Sandy Sansing, chairman of the Greater Pensacola Chamber of Commerce, discussed during a recent meeting an “extravagant” new television ad the chamber purchased for $270,857.

By Steve Miller
Florida Center for Investigative Reporting

What’s going on with the Greater Pensacola Chamber of Commerce?

Last week, we wrote about the situation in which the chamber is evading the state’s open meetings laws.

Now there’s a $270,000 broadcast spot airing in several southern markets that locals are questioning for its cost, according to a story in the Pensacola News-Journal.

From the story:

How much does it cost to promote Pensacola?

Try $270,857 for 30 seconds.

That’s how much a Tennessee advertising firm charged the Greater Pensacola Chamber to produce a 30-second TV ad that is currently airing in several cities across the Southeast United States and is set to run in Washington, D.C., in the fall.

The actual cost to produce the ad was $258,094. But a $12,763 charge for a rain delay when the weather turned bad pushed the amount up.

The cost for the ad shot in Pensacola included $10,700 in travel costs alone and another $21,300 for “creative direction.”

The door is open to even more controversy, according to the story:

The $288,000 for producing the commercial has not yet been paid to BOHAN, (chamber president Jim) Hizer said. However, barring an error or other circumstance that has not yet come to light, the chamber is contractually obligated to make payment.

But Escambia County officials, who finance Visit Pensacola, the chamber’s tourism arm, through reimbursements could deny the expense.

Amy Lovoy, the county’s budget and finance chief, said the county could deny the payment for two reasons:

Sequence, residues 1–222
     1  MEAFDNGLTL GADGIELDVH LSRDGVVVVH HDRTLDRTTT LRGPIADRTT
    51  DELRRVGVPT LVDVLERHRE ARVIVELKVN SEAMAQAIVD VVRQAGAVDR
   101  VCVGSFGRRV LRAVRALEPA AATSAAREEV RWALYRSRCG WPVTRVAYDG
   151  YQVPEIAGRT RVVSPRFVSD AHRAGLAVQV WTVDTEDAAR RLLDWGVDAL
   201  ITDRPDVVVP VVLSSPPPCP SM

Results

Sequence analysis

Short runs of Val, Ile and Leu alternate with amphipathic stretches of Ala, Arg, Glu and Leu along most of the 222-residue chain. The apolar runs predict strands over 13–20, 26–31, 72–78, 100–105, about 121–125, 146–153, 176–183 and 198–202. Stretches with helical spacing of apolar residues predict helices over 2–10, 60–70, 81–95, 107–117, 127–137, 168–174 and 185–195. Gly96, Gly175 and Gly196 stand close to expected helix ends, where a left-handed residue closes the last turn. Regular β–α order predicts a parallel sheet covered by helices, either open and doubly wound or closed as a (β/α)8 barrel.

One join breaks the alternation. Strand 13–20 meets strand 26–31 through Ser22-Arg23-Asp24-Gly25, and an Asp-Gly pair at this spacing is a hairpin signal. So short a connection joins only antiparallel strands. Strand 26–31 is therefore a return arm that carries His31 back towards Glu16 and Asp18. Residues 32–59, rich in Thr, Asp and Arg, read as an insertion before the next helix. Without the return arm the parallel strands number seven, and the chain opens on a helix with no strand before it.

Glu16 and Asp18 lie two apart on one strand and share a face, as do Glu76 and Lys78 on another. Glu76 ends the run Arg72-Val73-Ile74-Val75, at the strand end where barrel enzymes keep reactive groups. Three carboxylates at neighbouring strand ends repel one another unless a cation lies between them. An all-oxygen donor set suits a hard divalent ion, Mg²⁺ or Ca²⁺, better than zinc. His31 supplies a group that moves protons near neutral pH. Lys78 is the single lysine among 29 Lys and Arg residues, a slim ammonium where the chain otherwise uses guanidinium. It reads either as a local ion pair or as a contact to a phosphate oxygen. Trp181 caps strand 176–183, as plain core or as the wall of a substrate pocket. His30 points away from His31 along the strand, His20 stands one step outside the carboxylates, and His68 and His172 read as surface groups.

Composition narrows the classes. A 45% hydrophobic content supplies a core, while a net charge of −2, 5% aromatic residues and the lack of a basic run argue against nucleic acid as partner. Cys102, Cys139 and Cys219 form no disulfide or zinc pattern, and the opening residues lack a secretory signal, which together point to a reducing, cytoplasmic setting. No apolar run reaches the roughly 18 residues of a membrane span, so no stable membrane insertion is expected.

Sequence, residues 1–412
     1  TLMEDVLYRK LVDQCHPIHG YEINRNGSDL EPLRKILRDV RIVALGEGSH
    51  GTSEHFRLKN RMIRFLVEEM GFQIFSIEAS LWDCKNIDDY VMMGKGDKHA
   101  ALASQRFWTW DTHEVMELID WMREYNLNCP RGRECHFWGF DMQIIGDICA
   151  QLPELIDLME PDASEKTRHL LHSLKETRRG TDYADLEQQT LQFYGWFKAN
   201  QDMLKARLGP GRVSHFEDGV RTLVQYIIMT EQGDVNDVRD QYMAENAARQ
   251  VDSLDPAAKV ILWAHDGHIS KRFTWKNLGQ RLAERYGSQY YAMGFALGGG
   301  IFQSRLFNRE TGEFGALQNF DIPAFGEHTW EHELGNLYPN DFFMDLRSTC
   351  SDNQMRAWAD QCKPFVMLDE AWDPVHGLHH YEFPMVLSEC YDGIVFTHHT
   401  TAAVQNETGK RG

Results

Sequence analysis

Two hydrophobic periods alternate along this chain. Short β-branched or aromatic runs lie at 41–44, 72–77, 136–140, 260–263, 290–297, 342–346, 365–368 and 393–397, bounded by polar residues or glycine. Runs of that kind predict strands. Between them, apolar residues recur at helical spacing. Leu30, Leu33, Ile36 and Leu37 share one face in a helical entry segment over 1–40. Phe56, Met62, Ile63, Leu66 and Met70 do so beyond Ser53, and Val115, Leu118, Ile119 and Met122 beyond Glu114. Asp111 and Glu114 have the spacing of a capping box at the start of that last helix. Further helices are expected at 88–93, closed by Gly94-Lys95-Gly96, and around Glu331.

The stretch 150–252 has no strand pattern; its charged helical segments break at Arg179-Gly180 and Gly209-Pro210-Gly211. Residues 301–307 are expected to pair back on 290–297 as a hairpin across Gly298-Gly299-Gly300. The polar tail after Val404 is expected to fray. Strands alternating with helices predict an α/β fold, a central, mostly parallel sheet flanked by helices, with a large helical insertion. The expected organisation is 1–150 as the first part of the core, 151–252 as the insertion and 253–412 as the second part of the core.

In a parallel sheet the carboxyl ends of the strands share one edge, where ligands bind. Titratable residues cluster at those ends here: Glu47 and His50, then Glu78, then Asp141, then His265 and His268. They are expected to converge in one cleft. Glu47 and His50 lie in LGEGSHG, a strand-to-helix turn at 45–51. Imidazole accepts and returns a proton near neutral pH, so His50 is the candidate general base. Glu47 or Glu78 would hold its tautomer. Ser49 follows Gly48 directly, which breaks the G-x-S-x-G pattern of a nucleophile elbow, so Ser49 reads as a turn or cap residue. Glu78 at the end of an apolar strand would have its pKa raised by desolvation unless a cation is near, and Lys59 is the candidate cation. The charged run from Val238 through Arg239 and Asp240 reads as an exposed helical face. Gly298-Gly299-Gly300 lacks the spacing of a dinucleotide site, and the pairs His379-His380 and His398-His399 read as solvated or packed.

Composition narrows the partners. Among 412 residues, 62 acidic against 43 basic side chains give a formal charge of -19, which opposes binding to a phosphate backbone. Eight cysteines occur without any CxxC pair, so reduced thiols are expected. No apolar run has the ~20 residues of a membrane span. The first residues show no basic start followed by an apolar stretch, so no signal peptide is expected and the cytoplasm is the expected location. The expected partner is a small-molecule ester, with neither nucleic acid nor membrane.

• If the payment falls outside the scope of the county’s contract with the chamber, which in this case it would not.
  • If the expense far exceeds the normal payout for a cost of this kind.

Lovoy said she and other county staff will review the invoice when it’s submitted, and if they find the cost too large, it will be submitted to the Escambia County Commission for a final determination.

Who would pay then? Or would it end up in costly litigation?

Part of the grief being given is that the chamber last year switched agencies from locally based EW Bullock to Nashville, Tenn., firm BOHAN Advertising.

A meeting in which various parties came in to discuss the spot was held June 12, which this piece details.

Brian Gilpatrick, BOHAN’s senior vice president of consumer insights and planning, defended the ad at the meeting, the story reports:

BOHAN’s Gilpatrick said the commercial’s price tag included more than the 30-second commercial.

He said pieces of the ad and a photo shoot that was completed during filming can be repurposed for print and online ads, email marketing and social media promotion.

“This is not a television spot,” he said. “This is a marketing campaign.”

There was no mention of any scheduled ad buy or the cost or repurposing the broadcast spot, which also costs money, but simply the option to do so.  And if there is a marketing campaign, surely there would be some plan of media buys, which are part of any such endeavor. Where is that?

The move to a non-local agency also rankled a few Pensacola locals, some of whom launched a Facebook page as part of an effort to take on the chamber. A local blogger is also checking in regarding the chamber. An online city magazine even weighed in on the extravagance of the ad.

In addition, here’s a brief video of chamber Chairman Sandy Sansing discussing the ad, in which he notes that the ad cost is extravagant:

These are some tough times for the chamber, which receives public funding that includes $232,000 from the City of Pensacola and $550,000 from Escambia County.

The spot in question is currently running in Baton Rouge, La., New Orleans, Nashville, Tenn., Birmingham, Ala., and Montgomery, Ala.